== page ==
It doesn’t stop there folks either! Don’t forget regular press-ups (elbows tucked in and not sticking out) only do the basic biceps/triceps muscle group! If you want something more for the chest then put your hands wider than shoulder width for an added challenge. For primarily triceps you want to have hands touching, you can also make a triangle/pyramid shape with your hands (Pictured above).
I have so many other variations I have come across over the years and have created some strange variations myself which I have not seen others do. Just try different ones out and experiment to progress your strength further. A great link for a wide range of variations can be found on The Ultimate Push-up Guide.
From a Parkour perspective I found myself having to do such exercises as hanging in a catleap/arm jump position doing sets of three to five just hanging there as long as I possibly could. You think it is easy until you hang there and your arms start to tense up and burn, your body feels heavy and your shoulders are wanting to come out the sockets , you hold on as tight as possible with your grip going every so slightly each second that passes and your palms start to sweat not helping the situation.
This improved my over all grip strength for the forearms biceps/triceps and also helped with my various back muscles. I would also try and do a set of six to ten depending on the day, of climb-ups, even if I was unsuccessful at getting up on top of the actual wall from a static position I was working all the right muscles in my back and body to build up to doing it in the future. Another exercise involved getting into a hip shimmy position (arms locked above the wall taking all your bodyweight) then using only the arms to move/shimmy across a length of wall helped with my biceps/triceps and wrist strength. I did the same going across a length of wall in a Catleap/Arm Jump position which you would remain then shimmy across the wall using your arm and legs in conjunction.
Over time as my strength improved and I found such exercises becoming easier and had to do further distances to feel the same burn. I went from holding a Catleap/Arm Jump position for a mere five seconds all the way up to a minute and beyond! I was also able to do a climb up, admittedly though I first pulled up and got a flat elbow on top of the wall followed by my other arm pulling up to a locked position. Then slowly from practising this and always trying to Climb-up after any Catleap/Arm Jump I did, it got easier to do it without me needing to use my elbows and I was pulling up into a hip shimmy position one arm after the other.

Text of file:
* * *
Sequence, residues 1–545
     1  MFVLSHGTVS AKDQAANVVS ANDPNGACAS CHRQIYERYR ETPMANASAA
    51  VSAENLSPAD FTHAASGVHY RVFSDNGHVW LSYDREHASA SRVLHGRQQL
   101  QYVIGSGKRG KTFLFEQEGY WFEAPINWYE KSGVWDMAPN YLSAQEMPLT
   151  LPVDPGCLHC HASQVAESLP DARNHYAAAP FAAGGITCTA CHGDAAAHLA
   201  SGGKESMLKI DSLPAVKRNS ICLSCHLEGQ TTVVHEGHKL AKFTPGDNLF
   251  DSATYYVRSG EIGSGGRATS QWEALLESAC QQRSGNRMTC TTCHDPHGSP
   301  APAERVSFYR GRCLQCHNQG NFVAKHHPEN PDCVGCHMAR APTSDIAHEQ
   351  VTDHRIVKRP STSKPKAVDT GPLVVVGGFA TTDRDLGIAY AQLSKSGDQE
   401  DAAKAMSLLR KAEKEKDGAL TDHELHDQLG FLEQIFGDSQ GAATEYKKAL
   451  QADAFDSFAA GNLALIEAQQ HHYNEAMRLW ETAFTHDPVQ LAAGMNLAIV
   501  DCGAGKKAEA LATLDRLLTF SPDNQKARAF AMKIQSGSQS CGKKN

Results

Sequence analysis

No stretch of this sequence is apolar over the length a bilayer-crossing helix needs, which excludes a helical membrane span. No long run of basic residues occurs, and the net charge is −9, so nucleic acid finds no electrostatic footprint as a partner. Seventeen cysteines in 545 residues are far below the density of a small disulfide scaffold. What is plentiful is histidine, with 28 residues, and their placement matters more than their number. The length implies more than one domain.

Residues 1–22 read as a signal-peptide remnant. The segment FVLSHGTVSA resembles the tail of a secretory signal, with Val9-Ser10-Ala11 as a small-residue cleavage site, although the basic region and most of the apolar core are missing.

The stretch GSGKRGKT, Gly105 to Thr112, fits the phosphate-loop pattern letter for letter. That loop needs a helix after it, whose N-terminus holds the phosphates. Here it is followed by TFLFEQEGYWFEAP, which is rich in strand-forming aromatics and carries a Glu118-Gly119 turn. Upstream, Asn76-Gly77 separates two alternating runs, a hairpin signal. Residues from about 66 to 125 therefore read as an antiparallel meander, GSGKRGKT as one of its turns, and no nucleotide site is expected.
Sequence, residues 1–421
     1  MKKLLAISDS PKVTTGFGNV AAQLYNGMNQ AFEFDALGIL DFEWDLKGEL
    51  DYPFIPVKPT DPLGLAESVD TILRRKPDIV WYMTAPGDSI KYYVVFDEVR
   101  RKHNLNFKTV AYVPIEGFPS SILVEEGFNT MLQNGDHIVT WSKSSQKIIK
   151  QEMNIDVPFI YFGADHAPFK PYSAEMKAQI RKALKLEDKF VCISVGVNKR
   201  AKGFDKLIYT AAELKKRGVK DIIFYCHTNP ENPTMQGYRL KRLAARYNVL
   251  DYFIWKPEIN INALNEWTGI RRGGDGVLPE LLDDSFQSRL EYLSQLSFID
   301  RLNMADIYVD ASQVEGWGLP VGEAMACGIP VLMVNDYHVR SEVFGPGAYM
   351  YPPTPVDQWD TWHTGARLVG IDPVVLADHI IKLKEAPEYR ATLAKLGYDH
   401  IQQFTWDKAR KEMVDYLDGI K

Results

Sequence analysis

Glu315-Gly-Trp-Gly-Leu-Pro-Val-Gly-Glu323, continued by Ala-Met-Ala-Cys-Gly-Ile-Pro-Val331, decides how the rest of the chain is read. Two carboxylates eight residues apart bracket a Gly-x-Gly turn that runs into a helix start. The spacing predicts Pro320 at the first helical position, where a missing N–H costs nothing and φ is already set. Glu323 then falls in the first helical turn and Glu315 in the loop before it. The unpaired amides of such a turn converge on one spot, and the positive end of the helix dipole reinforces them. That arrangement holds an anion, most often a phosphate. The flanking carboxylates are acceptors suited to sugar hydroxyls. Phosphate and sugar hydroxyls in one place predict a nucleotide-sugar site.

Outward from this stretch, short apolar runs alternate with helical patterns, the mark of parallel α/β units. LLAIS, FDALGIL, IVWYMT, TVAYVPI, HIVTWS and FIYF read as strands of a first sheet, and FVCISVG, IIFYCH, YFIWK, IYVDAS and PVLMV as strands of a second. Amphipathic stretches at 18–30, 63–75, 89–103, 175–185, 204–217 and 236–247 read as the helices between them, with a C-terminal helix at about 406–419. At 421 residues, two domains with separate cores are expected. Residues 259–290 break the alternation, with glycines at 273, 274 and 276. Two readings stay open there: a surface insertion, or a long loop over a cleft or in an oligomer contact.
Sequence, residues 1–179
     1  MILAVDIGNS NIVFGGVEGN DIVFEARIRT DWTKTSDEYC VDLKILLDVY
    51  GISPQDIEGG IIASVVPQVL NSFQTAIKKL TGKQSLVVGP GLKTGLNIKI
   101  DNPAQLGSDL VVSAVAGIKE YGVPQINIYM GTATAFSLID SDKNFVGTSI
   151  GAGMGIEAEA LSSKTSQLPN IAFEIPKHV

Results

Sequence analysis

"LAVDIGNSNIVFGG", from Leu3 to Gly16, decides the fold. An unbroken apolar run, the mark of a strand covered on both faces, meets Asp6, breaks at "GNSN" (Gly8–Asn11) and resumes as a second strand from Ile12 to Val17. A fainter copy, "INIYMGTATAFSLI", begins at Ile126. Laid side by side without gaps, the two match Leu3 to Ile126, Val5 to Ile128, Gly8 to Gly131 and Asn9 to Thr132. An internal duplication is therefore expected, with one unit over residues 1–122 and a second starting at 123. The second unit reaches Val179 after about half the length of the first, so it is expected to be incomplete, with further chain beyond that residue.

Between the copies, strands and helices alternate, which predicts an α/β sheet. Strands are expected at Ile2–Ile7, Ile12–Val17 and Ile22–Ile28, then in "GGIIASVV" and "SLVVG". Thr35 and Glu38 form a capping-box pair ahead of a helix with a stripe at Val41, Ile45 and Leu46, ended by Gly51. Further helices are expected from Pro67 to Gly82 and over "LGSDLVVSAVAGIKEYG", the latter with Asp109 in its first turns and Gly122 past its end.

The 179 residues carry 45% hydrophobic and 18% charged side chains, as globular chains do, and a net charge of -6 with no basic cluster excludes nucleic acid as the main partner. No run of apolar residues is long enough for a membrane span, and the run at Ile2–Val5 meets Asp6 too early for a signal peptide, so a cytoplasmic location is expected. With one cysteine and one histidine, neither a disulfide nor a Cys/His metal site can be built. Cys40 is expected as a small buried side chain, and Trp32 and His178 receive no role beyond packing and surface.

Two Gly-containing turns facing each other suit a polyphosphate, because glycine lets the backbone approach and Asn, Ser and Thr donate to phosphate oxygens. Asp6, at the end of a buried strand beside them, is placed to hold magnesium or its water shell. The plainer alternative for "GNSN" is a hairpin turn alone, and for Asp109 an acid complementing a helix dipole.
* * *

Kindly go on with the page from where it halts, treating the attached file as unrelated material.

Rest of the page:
From then on I used to from time see how many Climb-ups I could do in one go, from a Catleap/Arm Jump position up into hip shimmy then lower back down into the Cat position and repeat. This was great endurance and also helped with my over all strength, before I knew it from repeating these simple exercises each time I went out training I had developed upperbody strength and things which seemed difficult were now becoming easier!
Some other great examples of Parkour strength related exercises can be found by watching this excellent video (also shown below) from the guys over in Manchester. It might give you ideas for challenges to do while out training or even incorporating into your own personal workouts. There are many other great videos like this out there you only have to type in YouTube ‘Strength Training And Conditioning For Parkour’ and various videos come up, it’s your job to take what you want from each one to create something unique.
Now what do you do when such tasks become too easy? You up the weight so if you have a weighted vest at home that is a great way to add weight while you workout at home or outside. If you don’t have one you could always have someone else hold a press up on your upper back while you do press ups giving you more resistance.
Weight training in general when done correctly and safely is another great form of conditioning to help gain muscle. It needs to all be functional though so make sure you keep training Parkour and don’t become a muscle bound bodybuilder, sure all that muscle might look great but can you use it. Another problem with doing so much isolation workouts on any one muscle is you will look disproportional. We have all seen those guys with the tennis ball biceps from all the bicep curls and they do with hardly any triceps. The other problem with being too big muscular is flexibility, you still want to be able to move freely without becoming more like a robot with with rusted hinges.